Curator Melissa Wolfe talks about the inspiration we can all take away from the Columbus Museum of Arts newest exhibition showcasing the work of home town hero George Bellows. George Bellows and the American Experience through January 4, 2014. This exhibition follows on the heels of a major retrospective of the artist organized by the [...]
Performance at La Scala is a Riot
While I do not advocate violence as a means to an end, maybe the Italians are on to something. Seems that, when Prime Minister Silvio Berlusconi’s government decided it was necessary to cut Italy’s performing arts budget by 37%, citizens took exception.Â Loudly. Angrily. In large numbers.
Using the forum of opening night of Die Walkure at Milan’s La Scala, Daniel Barenboim turned and addressed the audience in general and Italy’s President Giorgio Napolitano in particular.Â Maestro Barenboim said, “”For that title, (he is maestro scaligero), and also in the names of the colleagues who play, sing, dance and work, not only here but in all theatres, I am here to tell you we are deeply worried for the future of culture in the country and in Europe.”
The unprecedented address from the pit brought applause from the audience, including the President. Outside, police and protesters clashed violently over the proposed cuts.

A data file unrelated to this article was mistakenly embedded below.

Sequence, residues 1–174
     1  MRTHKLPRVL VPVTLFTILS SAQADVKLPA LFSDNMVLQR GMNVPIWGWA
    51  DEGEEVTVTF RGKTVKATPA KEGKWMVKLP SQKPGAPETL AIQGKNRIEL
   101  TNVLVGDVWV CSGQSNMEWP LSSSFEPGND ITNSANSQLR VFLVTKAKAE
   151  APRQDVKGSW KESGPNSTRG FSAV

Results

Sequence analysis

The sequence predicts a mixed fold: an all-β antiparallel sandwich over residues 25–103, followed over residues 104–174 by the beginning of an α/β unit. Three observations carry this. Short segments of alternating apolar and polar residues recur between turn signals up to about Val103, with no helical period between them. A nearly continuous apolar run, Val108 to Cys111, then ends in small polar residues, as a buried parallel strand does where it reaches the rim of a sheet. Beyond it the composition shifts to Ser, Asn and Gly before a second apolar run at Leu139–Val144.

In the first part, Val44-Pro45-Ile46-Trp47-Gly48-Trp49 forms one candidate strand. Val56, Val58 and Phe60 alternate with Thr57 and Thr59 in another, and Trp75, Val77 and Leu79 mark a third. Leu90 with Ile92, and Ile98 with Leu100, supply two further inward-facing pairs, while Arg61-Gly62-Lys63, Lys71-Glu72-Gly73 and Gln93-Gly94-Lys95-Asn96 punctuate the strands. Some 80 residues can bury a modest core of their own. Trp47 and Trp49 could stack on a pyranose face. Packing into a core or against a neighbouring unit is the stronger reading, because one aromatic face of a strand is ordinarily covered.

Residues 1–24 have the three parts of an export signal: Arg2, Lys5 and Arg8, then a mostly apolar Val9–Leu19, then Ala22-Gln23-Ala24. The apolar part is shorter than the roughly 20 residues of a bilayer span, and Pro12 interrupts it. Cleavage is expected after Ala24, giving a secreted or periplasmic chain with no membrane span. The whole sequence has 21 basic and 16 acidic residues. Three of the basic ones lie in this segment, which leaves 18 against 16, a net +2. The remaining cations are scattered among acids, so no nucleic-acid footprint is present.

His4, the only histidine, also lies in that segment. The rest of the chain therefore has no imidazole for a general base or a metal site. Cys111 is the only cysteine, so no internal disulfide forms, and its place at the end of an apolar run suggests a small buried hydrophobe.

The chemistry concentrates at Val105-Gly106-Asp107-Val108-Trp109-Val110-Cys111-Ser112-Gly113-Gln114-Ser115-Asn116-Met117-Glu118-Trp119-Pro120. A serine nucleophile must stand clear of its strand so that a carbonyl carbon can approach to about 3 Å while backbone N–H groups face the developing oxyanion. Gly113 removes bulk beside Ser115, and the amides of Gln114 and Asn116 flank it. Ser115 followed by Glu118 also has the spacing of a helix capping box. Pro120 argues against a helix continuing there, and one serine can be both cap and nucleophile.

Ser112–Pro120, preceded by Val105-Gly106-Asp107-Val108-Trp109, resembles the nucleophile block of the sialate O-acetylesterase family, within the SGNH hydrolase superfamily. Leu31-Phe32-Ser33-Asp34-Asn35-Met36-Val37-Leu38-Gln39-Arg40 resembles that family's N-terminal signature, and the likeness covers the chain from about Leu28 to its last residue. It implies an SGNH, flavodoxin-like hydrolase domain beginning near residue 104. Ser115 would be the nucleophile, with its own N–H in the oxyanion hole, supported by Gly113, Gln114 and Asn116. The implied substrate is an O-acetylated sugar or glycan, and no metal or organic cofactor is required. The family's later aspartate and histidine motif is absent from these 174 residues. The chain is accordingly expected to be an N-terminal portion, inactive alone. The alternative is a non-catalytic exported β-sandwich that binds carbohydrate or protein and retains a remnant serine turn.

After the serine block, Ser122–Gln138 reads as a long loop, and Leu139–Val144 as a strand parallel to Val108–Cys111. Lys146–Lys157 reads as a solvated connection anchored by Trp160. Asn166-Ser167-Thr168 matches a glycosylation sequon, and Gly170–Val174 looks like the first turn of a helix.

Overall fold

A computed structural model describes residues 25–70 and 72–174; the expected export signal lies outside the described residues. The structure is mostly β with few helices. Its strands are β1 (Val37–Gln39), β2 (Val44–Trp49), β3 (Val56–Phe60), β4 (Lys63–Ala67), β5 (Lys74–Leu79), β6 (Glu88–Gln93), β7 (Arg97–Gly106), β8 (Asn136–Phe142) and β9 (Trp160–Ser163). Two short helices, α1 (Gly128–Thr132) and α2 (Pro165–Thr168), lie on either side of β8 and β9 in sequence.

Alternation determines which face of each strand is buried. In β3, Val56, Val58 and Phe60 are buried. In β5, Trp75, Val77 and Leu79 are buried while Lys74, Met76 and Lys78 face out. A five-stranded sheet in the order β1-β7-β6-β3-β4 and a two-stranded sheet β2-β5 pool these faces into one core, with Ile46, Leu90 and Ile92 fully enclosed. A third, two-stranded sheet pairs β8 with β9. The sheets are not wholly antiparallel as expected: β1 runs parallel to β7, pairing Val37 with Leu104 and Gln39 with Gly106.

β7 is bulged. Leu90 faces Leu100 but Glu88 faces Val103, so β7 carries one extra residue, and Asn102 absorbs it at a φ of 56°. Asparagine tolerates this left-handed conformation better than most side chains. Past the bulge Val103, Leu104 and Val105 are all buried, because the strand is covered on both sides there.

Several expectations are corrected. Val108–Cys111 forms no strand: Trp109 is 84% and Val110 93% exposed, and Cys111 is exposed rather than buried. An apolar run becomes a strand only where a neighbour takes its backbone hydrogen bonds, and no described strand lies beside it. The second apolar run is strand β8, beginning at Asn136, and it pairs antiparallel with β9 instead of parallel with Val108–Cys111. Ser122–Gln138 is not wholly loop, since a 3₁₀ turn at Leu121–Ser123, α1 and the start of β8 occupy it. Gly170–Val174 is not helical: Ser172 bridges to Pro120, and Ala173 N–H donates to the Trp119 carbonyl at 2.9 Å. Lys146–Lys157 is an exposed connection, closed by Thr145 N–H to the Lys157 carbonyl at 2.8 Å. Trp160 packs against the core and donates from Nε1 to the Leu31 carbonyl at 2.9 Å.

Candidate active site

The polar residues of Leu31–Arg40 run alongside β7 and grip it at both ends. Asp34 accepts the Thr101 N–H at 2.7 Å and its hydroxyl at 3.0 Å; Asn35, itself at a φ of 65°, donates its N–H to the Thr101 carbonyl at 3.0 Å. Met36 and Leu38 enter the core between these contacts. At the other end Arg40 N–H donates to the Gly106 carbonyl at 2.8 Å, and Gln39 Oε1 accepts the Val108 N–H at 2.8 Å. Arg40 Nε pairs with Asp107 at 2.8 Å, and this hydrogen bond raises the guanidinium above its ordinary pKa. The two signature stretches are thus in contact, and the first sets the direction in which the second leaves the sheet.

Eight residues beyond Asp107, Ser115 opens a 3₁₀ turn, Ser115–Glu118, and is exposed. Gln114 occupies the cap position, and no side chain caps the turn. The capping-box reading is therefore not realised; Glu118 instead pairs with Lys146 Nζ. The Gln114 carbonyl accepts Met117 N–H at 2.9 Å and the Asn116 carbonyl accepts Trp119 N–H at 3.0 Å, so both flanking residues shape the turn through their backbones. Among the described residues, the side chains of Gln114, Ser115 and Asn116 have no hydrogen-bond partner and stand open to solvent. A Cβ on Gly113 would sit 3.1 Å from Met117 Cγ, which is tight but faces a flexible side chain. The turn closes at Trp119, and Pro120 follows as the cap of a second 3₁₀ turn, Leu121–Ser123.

Do we in the United States, in our states, in our communities, care enough to get angry that our government finds Arts and Culture worth so little?Â How soon our leaders have forgotten the words of John F. Kennedy.Â May they echo in our hearts and minds and inspire us to greater things:
“I see little of more importance to the future of our country and our civilization than full recognition of the place of the artist.
But democratic society–in it, the highest duty of the writer, the composer, the artist is to remain true to himself and to let the chips fall where they may. In serving his vision of the truth, the artist best serves his nation. And the nation which disdains the mission of art invites the fate of Robert Frost’s hired man, the fate of having “nothing to look backward to with pride, and nothing to look forward to with hope.
I look forward to an America which will reward achievement in the arts as we reward achievement in business or statecraft. I look forward to an America which will steadily raise the standards of artistic accomplishment and which will steadily enlarge cultural opportunities for all of our citizens. And I look forward to an America which commands respect throughout the world not only for its strength but for its civilization as well.”